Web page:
4. Amend provisions related to maternity allowance if necessary: “whether to give maternity allowance and the amount thereof should be referred to the current local provisions.”
  5. If original provisions provides that “having a second child” is misconduct, such provisions should not be applied and deleted. If the original provisions made “violating birth control policy” as misconduct, it is suggested that the description for such violations should be changed to “having a child in violation of the current birth control policy or in violation of the current Law of the People's Republic of China on Population and Family Planning”. Meanwhile, such a provision should be used carefully when dealing with employees and it is noteworthy that for a female employee having a third child or more, if the enterprise was not punished for the employee’s behavior, it is not advisable for the enterprise to punish the employee.

If the internal policies are amended accordingly, enterprises should implement the democratic and publicizing procedure to make the adjustments apply to all the employees.

2. The problem of maternity leave for female employees having a second child or more

  1. For employees having a second child: give statutory maternity leaves and rewarding leaves (local provisions prevail) and apply for the employee maternity allowance. 
  2. For employees having a third child or more: leaves shall be granted and specifically, unless there are local provisions, enterprises could implement the original policies and decide with discretion the category of leaves deserved (sick leave or personal leave) and the standard of salaries (sick leave salaries or no salaries)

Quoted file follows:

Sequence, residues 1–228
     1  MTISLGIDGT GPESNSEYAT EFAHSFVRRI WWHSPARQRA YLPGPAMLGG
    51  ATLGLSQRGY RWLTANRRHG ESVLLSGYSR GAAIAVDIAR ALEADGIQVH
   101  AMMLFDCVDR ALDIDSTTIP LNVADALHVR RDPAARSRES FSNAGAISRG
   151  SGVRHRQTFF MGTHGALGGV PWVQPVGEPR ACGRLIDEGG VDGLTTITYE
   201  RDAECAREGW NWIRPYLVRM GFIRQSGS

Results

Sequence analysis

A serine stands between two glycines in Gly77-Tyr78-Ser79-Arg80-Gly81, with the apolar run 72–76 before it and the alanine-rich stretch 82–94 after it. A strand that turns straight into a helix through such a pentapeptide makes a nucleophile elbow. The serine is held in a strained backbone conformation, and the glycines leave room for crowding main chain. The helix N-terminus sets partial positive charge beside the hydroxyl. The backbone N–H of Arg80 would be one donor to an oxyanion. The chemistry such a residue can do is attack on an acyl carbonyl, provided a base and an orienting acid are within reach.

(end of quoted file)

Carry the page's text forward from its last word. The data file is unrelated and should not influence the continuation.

3. More hires and attention to adjustments of payment of maternity allowance 

First and foremost, the two-child policy at full speed would trigger a small peak of childbirth. Enterprises with a certain ratio of female employees, consequently, will face the scenario that the time taken off by female employees for maternity leave will increase and certain positions may be short-handed. Foreseeing this possible situation, enterprises need to consider employing more employees in order to fill the gap of manpower created by the increased time taken off by female employees.

Secondly, with the increase of childbirth rate, the amount of birth allowance drawn from the social security fund will increase accordingly and the state might lift the ratio or base of birth allowance paid by enterprises. The time and level of the possible adjustment remains to be seen and it deserves attention from enterprises.

Conclusion

The two-child policy is merely the beginning.

China has deepened its birth control reform but it is uncertain whether any big changes may occur to the future of the policy. It is possible that enterprises will face more challenges in the future considering the current environment of stressing protection for female employees and the exponential growth of support from the state in encouraging childbirth. It is suggested that enterprises should stay awake on the forthcoming changes.